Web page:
FTC warns naturopaths, acupuncturists, physicians, and chiropractors about false and misleading COVID-19 claims
Since March, the FTC has issued almost 250 warning letters to companies and individuals making unsubstantiated claims for COVID-19 treatments. Included among these are naturopaths, acupuncturists, physicians, and chiropractors.
Chirorpractors continue to make unsubstantiated claims about COVID-19.
Chiropractors are falsely claiming that their spinal "adjustments" can protect people from coronavirus infection, as well as giving other dubious health advice on COVID-19. As they have with other bogus remedies, the media and government authorities should take action.
The Chiropractic Webster Technique is a nonsensical method of adjusting the sacrum in a misguided effort to enhance pregnancy and to facilitate childbirth. The technique, unopposed in the United States, is under fire by a Canadian chiropractic regulatory body.
Legislative Alchemy 2019: Chiropractors seek scope of practice expansion, including authority to prescribe drugs
In 2019, chiropractors continued their push for practice expansion, including prescription privileges, as well as co-opting the opioid crisis to mandate physician recommendations for "chiropractic care".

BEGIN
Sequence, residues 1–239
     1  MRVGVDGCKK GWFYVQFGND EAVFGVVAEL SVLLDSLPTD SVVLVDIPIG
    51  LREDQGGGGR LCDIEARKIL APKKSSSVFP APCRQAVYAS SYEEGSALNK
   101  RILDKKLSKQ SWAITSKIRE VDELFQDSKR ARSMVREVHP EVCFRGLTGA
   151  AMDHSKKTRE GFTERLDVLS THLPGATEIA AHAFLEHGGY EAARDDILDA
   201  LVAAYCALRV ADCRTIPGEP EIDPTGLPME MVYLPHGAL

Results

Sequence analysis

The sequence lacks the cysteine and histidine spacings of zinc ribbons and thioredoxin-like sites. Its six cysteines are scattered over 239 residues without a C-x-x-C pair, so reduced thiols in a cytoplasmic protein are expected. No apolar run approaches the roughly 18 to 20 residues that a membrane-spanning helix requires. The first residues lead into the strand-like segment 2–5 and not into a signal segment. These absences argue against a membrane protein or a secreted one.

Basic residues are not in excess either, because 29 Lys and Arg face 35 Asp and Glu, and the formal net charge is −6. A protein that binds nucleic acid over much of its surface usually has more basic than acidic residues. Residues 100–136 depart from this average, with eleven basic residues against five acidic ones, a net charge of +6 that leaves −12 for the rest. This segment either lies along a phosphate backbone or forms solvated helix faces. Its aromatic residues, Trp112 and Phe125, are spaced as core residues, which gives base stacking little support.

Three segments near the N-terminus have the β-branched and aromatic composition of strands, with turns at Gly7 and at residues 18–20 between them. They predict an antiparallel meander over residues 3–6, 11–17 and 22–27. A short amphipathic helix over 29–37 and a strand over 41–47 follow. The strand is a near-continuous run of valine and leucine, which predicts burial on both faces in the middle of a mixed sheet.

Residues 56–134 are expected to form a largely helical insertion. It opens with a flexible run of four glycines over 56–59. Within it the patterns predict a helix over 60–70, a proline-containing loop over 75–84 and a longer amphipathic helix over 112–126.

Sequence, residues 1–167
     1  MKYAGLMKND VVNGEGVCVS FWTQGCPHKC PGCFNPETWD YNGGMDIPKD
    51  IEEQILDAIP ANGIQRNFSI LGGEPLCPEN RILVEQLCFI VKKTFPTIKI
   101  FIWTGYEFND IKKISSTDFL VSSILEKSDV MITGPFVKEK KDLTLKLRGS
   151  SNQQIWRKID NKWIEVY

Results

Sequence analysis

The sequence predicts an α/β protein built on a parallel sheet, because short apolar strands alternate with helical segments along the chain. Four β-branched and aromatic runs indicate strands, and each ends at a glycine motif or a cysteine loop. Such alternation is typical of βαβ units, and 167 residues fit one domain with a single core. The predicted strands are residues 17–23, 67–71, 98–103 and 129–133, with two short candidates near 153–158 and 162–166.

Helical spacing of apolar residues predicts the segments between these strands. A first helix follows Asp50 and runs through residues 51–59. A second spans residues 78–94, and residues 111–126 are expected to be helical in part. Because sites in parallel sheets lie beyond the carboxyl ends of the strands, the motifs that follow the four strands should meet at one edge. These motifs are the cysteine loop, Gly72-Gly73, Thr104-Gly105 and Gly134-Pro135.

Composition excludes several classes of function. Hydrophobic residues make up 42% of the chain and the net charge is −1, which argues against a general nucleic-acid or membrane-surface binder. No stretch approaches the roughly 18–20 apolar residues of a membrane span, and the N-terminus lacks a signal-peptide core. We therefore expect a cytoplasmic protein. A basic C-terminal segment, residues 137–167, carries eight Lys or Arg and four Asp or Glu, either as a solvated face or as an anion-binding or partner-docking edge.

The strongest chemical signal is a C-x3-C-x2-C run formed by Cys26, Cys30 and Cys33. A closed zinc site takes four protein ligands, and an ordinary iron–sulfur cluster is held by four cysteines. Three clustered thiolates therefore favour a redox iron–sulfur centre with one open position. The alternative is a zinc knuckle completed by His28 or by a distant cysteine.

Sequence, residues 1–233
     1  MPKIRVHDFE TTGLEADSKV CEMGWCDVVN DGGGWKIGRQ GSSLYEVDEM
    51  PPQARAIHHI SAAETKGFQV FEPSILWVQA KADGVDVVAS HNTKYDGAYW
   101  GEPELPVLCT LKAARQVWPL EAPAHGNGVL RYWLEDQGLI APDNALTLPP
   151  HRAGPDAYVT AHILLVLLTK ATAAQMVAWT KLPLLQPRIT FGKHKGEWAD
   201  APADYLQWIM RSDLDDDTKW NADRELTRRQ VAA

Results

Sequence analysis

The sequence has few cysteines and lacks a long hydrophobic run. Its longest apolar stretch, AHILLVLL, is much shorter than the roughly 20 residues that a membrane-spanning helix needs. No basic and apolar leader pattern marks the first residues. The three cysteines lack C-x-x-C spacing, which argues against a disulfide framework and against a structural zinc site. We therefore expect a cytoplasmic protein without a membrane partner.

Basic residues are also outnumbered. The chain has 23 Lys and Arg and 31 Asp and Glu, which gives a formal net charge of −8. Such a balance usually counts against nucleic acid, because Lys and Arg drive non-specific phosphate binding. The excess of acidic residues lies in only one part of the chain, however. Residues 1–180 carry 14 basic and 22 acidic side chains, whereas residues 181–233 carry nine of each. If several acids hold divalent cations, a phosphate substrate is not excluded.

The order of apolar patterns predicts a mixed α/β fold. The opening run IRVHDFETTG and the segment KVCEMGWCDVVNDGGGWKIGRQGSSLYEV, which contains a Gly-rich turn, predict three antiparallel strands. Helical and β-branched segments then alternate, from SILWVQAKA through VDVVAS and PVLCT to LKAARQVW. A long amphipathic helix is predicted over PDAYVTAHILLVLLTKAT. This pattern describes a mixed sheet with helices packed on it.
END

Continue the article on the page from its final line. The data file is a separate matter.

NCCIH surveys physicians on their recommendation of “complementary health approaches,” with depressing results
The NCCIH recently published a study examining the percentage of US physicians who had recommended "complementary health approaches" to their patients in the last year. The percentages are far higher than they should be.
Another serious complication from chiropractic cervical manipulation: Vertebral fracture leading to paralysis and death
John Lawlor was an 80 year old man with leg pain. Thinking he was going for physiotherapy, he ended up in the office of Arleen Scholten, a chiropractor. What happened next involved cervical spine manipulation, vertebral fracture, death, and a lack of accountability.
Upper cervical chiropractors continue to offer an atlas adjustment to treat a variety of health problems, despite lack of credible evidence to support such treatment.
A new Florida law forces physicians to endorse chiropractic, acupuncture, and massage as non-opioid alternatives for pain, even if the physician disagrees with that advice.